Beautiful!! Karen had the same thoughts as I did and said, “The aroma as it was baking was amazing. This is one of those breads that you want to stick your face close to just to inhale its fresh baked goodness (bread geeks do this).” Karen used her convection oven and I’m so glad to hear that baking it there works so well. She served it warm with Boursin cheese. Oooh, now I need to try that too!
Louise, BBB and Friends on Facebook
Louise doesn’t have a blog but posted the photo of her bread on Facebook. I jumped for joy that she set her KA aside this time and hand-kneaded, something she doesn’t normally do. She wrote, “I could really feel the gluten adding structure as I continued to knead.” She added, “some interesting fun for my husband, as he tried this totally new (for us) bread” It’s always so wonderful when others seem to be as excited about new (to them) techniques as I am. Personally, I couldn’t get over how fabulous this bread was, in spite of the slack slack slack dough. And how, again, in spite of the slack slack slack dough, it allowed for these spectacular ridges. I really love how well-defined the ridges on Louise’s bread are. And the white sesame seeds look beautiful!
For people who do not have access to FB, Louise wrote the following description:
This is my third time baking as a Buddy with the BBB. Thank you to Elizabeth for the recipe and for all the posters who warned what a slack dough it is. I used my KA, and then kneaded by hand for good measure. As I did, I was able to feel the gluten develop more structure in the dough, and then I was able to form the two balls. All went well after that, and we enjoyed a new (for us) bread.
I was thrilled to get email from Rita on the very day that we posted this month’s BBB recipe! Wow! THAT is fast work! Rita noticed a chemical smell when she baked the bread. Rita’s page doesn’t say where she lives but I believe she is somewhere in Europe. I have to wonder WHAT is in baking powder and/or baking soda in other parts of the world. Still, she didn’t “tell the test panel what was in the bread, but both immediatly said it reminds them of Pretzels! They liked the bread very much, specially the Romal topping!”. How great is that? I do love a happy ending!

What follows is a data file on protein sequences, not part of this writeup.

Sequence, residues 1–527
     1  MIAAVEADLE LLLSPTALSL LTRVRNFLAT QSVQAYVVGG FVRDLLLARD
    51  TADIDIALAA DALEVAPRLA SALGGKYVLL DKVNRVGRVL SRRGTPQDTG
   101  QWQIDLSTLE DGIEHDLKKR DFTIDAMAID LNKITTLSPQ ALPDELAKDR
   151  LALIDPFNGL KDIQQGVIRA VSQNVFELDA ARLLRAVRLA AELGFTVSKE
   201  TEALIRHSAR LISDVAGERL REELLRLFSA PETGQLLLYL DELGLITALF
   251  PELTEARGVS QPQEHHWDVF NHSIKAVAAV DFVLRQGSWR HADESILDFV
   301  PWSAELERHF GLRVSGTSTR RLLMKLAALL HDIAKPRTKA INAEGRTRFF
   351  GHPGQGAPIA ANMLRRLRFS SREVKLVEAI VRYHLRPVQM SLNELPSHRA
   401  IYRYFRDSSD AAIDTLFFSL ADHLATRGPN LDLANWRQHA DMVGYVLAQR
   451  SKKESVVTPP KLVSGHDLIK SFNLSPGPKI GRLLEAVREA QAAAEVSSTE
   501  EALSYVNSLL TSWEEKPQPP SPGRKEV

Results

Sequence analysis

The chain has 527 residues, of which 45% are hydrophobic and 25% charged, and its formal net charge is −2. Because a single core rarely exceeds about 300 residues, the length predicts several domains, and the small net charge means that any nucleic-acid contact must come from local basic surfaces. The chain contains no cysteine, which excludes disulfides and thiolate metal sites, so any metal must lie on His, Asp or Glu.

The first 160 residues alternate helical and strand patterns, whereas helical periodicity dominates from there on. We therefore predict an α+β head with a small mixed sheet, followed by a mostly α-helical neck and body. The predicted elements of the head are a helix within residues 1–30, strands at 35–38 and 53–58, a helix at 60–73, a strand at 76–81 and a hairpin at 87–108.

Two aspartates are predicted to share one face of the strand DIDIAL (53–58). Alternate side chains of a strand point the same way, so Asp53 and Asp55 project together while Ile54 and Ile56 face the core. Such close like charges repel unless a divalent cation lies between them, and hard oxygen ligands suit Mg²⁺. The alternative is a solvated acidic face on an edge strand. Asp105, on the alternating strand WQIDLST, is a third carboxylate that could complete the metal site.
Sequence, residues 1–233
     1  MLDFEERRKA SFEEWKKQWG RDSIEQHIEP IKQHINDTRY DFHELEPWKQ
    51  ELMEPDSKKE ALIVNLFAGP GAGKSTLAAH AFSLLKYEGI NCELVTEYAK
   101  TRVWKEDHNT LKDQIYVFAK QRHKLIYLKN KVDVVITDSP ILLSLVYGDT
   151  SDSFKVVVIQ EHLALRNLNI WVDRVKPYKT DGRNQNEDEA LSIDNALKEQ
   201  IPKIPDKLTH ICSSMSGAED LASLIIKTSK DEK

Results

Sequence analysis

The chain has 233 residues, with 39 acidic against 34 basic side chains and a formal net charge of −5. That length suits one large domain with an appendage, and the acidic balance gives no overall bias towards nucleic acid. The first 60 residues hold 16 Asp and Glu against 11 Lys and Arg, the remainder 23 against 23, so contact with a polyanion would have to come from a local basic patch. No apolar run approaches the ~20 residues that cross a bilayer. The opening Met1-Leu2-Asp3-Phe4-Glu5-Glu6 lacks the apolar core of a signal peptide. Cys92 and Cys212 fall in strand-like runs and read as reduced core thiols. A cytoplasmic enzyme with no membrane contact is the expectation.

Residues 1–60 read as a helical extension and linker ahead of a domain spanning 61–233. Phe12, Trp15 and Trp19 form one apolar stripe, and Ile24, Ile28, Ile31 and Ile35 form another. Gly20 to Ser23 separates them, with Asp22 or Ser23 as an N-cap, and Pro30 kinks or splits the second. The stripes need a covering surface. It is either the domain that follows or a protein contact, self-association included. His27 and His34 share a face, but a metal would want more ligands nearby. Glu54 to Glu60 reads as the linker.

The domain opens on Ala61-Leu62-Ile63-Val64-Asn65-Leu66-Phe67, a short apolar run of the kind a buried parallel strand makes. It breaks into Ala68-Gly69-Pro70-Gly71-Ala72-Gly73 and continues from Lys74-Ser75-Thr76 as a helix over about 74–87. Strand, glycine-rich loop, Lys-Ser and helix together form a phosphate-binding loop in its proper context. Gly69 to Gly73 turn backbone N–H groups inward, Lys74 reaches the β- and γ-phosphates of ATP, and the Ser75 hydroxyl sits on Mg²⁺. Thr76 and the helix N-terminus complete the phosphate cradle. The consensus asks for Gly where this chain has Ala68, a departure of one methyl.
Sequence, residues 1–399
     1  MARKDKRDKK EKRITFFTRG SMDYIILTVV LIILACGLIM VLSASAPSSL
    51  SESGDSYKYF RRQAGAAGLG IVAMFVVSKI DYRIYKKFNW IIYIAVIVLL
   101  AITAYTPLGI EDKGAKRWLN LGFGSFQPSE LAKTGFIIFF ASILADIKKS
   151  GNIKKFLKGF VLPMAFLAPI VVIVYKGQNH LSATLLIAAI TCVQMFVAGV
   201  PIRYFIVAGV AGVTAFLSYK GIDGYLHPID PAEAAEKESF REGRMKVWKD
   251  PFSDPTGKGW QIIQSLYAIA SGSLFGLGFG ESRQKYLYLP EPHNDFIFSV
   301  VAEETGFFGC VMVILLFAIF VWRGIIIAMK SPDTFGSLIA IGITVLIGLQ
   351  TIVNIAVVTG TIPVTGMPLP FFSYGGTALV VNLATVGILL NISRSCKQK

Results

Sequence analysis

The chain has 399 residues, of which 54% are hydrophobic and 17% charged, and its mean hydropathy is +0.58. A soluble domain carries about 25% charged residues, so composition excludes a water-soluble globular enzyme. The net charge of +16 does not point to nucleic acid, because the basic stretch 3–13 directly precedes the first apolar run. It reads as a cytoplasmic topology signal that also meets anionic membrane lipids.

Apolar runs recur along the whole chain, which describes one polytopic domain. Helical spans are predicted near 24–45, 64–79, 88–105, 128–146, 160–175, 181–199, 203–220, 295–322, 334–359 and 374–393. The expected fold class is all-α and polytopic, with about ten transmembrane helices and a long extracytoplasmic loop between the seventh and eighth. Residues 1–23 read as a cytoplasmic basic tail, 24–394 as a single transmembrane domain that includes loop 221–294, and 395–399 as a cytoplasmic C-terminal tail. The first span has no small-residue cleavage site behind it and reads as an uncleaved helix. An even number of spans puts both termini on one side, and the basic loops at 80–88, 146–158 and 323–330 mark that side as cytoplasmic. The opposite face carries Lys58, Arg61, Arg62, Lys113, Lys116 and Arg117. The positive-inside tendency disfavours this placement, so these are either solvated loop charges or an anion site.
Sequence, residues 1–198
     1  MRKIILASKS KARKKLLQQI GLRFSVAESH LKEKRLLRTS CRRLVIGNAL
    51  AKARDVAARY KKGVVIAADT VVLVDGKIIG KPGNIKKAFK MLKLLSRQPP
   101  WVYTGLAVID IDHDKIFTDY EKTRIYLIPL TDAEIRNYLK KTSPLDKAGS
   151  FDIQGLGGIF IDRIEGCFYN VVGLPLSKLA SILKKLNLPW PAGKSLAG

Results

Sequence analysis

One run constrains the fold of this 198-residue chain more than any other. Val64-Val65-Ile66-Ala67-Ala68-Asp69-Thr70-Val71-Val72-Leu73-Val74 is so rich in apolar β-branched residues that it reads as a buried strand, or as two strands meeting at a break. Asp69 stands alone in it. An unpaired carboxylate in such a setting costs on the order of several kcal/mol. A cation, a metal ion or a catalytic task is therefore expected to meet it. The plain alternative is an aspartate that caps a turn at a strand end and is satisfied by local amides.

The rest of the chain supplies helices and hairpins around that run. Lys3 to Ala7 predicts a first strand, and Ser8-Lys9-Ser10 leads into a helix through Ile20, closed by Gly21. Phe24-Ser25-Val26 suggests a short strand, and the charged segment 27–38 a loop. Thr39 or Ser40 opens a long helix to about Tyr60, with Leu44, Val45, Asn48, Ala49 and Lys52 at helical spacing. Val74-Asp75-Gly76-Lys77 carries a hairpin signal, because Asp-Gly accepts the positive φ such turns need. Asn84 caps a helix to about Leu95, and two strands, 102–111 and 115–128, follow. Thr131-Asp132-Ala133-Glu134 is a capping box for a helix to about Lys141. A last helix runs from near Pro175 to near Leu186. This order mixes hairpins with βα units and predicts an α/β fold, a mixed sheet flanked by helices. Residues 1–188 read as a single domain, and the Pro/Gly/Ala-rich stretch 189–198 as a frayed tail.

Sandie, Crumbs of Love
Like Connie, Sandie was in the middle of a monsoon. Except the monsoon she was experiencing was unprecedented because she lives in Calgary. Happily, she lives on higher ground and was not one of the many who were forced to evacuate. She was having phone difficulties though (only able to receive calls). And yet, she made BBB bread! What a trooper! As with all calamitous news, now that some people are returning to their homes, we are not hearing quite so much. But I do hope that Calgary recovers sooner than expected (the last I heard was that it would be ten years before the downtown would recover completely). Sandie’s bread looks fabulous! And I love the sound of black sesame seeds, golden flax seeds, course salt and a generous sprinkling of sumac that she used! The thing I really like is that Sandie affirms that the bread is “easy and oh so delicious”. I suppose I should note that she caved in and used her stand mixer. But she does plan to make it by hand and very kindly links to the video we made of the kneading technique I use. She even pleads with her readers to look at it, saying “This is a great bread to make by hand. I wish I had. Next time.” I can’t wait to hear how her hand-kneaded version turns out. I can’t imagine it will be much better than her machine mixed version that she served with roasted asparagus, preserved lemon vinaigrette, and bits of preserved lemon. Oh My! Doesn’t that sound good?
BBBuddies, you are the BBBest!!
If I missed posting about anyone’s BBB Nan e Barbari, please do let me know.
- email me with your name and a link to your post (please type “BBB June 2013 bread” in the subject heading)
- leave a comment on this post that you have baked the bread, leaving a link back to your post.
And of course, if you haven’t made it yet, just because the deadline is past, I hope that won’t stop you from making Nan e Barbari. You won’t be sorry. It’s that good.
edit 1 July 2013: EEEEeeeeeeek!!! I left out Louise Persson’s blurb in the initial draft. Luckily, I noticed my error relatively early (only about 24 hours late :stomp:) and have now inserted it into the roundup. Sorry about that, Louise
Now, have I left anyone else out? I hope not! I hope not!!
Bread Baking Babes